Mouth-watering cuisine to make your taste buds explode!
Indonesia is simply awash with so very many culinary delights of varying kinds and influences. The range of dishes available is simply staggering and probably unequaled anywhere else in the world. And the tourist mecca that is Bali is certainly no exception.
There are countless quality restaurants in Bali wherein you can experience the wonders and range of traditional Indonesian cuisine, but if it’s a taste of genuine authenticity you seek then the street foods are the place to go.
Dotted all over the idyllic Balinese streets, the vendors of these unique, traditional dishes sell them from stalls set up from motorbikes or even wheels. As astoundingly scrumptious as they are highly affordable, both the taste and overall range of culinary delights to be found on any typical Balinese sidewalk will take your breath away and have become a major tourist ‘bucket list’ item to savor and experience while there.
But with such a dizzying array of cuisines, what do you know what to order if you’re unfamiliar with the joys of Indonesian dishes? For this article, we compiled a list of some of the best traditional Balinese delights on offer that you can get right on the street.
A trademark and highly popular dish, Satay is made up of seasoned, skewered, and flame-grilled meat served with a dipping sauce on the side. The interesting thing about it is that the skewers are actually the midribs of the coconut palm frond, transferring a unique taste to the meat in the process. Cooked over a flame grill or charcoal, Satay is served with spicy flavorings with a peanut base.
Probably the finest Satay you’ll find in Bali is to be found at the Sindhu Night Market in Sanur. The market is a tourist hotspot, unsurprisingly, because of the range and quality of the delicacies served there, where you can experience authentic Balinese food from 5:00 pm to 11:00 pm every day of the week.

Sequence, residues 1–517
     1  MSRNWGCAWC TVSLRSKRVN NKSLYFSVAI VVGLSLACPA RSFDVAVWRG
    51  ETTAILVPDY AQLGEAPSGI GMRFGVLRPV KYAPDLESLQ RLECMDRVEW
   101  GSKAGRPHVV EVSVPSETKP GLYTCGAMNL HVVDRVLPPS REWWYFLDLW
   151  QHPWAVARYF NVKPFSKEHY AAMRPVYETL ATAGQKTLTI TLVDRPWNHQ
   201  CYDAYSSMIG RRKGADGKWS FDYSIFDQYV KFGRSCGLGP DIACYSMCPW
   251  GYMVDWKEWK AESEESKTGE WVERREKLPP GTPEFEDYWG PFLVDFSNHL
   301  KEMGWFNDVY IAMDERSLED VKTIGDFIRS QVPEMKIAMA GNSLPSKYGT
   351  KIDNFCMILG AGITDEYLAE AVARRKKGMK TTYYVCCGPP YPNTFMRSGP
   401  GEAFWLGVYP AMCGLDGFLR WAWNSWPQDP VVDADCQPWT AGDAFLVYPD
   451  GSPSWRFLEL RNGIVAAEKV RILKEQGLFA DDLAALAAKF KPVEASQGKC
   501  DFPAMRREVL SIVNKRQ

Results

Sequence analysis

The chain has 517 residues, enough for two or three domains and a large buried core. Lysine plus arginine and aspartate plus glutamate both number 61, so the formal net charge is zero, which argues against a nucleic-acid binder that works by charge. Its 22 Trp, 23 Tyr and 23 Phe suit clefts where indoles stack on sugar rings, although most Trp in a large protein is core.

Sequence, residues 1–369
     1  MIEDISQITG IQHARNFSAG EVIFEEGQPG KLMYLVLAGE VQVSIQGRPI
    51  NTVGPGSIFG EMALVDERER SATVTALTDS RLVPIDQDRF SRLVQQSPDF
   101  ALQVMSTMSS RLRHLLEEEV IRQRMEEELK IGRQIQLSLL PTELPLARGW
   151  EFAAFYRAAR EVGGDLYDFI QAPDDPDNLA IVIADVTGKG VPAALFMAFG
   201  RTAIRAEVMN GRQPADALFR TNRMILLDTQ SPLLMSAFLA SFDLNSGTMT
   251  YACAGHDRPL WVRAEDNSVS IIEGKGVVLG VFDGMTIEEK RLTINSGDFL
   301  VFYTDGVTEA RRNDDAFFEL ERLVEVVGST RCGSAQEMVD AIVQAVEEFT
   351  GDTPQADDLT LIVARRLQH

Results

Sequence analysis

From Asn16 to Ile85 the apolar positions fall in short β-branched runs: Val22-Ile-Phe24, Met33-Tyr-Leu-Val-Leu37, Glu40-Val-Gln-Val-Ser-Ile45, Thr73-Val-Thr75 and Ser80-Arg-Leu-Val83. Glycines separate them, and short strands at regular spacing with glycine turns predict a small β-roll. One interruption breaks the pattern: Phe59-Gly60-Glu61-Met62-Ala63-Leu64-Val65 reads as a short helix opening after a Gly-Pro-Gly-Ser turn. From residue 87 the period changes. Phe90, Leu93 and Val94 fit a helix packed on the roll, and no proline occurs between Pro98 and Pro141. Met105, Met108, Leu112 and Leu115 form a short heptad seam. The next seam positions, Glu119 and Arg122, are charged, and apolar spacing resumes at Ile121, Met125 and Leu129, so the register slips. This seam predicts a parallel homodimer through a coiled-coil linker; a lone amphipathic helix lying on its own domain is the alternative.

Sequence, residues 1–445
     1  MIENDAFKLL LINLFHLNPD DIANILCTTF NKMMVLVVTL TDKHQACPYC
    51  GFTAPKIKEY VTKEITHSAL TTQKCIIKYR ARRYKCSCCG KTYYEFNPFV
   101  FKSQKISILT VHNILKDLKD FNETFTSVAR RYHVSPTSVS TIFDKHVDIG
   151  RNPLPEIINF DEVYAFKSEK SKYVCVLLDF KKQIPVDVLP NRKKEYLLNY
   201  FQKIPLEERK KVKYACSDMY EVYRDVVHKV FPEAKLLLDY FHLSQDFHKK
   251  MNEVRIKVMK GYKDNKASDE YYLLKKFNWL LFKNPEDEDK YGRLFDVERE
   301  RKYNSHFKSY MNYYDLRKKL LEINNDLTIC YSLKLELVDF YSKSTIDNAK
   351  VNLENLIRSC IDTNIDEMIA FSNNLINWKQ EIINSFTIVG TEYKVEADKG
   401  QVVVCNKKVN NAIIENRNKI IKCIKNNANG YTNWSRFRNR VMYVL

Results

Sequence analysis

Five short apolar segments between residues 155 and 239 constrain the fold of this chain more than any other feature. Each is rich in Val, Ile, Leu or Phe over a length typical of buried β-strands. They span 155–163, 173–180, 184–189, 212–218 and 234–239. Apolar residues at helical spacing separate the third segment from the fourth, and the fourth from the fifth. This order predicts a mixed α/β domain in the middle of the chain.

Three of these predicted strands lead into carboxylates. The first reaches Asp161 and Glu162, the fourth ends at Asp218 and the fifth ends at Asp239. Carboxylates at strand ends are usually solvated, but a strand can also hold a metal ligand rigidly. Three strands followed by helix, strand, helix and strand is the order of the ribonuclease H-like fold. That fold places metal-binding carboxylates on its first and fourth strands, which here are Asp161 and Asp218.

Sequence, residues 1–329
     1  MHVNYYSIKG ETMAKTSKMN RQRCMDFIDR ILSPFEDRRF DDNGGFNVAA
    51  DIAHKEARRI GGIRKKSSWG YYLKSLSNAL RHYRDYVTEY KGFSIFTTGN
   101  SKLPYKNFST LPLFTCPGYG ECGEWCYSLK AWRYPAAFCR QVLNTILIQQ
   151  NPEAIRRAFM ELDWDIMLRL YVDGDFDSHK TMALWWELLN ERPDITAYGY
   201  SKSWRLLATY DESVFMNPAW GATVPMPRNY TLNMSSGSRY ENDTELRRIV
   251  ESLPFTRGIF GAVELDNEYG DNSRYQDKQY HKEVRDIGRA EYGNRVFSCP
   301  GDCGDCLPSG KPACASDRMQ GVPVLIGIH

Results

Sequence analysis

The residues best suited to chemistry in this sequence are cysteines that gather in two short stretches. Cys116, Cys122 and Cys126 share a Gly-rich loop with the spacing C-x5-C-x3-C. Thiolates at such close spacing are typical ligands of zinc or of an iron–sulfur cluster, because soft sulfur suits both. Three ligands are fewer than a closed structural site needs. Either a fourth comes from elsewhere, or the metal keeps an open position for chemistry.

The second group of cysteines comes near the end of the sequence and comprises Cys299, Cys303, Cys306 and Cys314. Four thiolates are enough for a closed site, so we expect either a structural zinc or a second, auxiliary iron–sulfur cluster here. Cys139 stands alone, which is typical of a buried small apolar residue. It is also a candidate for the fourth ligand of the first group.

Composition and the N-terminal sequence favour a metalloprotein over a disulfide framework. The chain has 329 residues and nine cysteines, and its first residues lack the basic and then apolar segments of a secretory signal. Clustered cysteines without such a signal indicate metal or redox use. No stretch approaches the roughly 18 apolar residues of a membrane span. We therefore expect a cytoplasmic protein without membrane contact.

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2. Nasi Jinggo
Another highly popular dish, this is a truly delicious mix of white/yellow rice served with side dishes of Sambal Goreng Tempeh (peanuts, anchovies,
and tempeh fried with sambal), serundeng (sauteed grated coconut), shredded chicken, fried noodles, and eggs.
This astounding combination of such a range of different food groups is served in small portions and wrapped in a banana leaf to be eaten on the go. It’s not just a wonderfully sumptuous clash of flavors but it is also eaten at religious ceremonies, meetings, and birthday celebrations.
You’ll have no trouble finding it anywhere in Bali, such is its popularity.
Rujak roughly translates as a colloquialism, meaning ‘an eclectic mix’, and they’re not kidding about that either!
A traditional fruit and vegetable salad, Rujak is renowned for its tangly, spicy zing. Made with a spicy dressing prepared from ground chili, palm sugar, and peanuts, mixed with varying kinds of sliced fruit and vegetables, and seasoned with a spicy palm sugar dressing.
The best spot for fresh Rujak is Gula Bali, where you can either chill in the spacious warung terraces or eat in the open air, taking in the sights and sounds of Bali.
A rightly famous and justifiably popular delicacy commonly found at street vendors across Bali, Bakso is a traditional Indonesian meatball commonly made from fish, chicken, pork, shrimp, or ground beef, and usually served with tapioca and salt.
Although the term ‘Bakso’ is singular in meaning, it has come to refer colloquially to the entire dish, which can also include meatball soup which is served with yellow noodles and white vermicelli.
Probably the best place to find authentic Bakso is the famous JI Dewi Sri food street market, wherein you’ll find many vendors lined up the full length of the street, which has a surprisingly chilled and serene atmosphere about it despite the hustle and bustle of countless vendors.
5. Sweet Corn
Hang on, I hear you say, sweet corn isn’t a traditional Indonesian dish… ah, but I haven’t told you just how they prepare it! There are many traditional ways to prepare it in Indonesia, including (but not limited to) Jagung Manis Keju (sweet corn with cheese), Perkedel Jagung (corn patties), traditional Indonesian corn fritters, and Bakar Pedas Manis (sweet and sour corn).
Sweet corn, being widely available and easy to prepare, is found everywhere around Bali so you won’t have to look very hard to find a good vendor serving it. A very popular place to get it is at the beaches of Jimbaran, Seminyak, and Sanur where the many tourists can experience sweet corn like they’ve never tasted before!
Watching the sun set on a beautiful Balinese beach while munching on a traditional Balinese corn dish… what could possibly be more idyllic?
This list, of course, is very far from exhaustive, the sheer range of Indonesian cuisine precludes such a list, but for reasons of brevity, our short list provided the 5 most popular dishes to get you started and useful as a guide. And one we hope will prove advantageous to you in your Balinese adventure. Selamat Siang!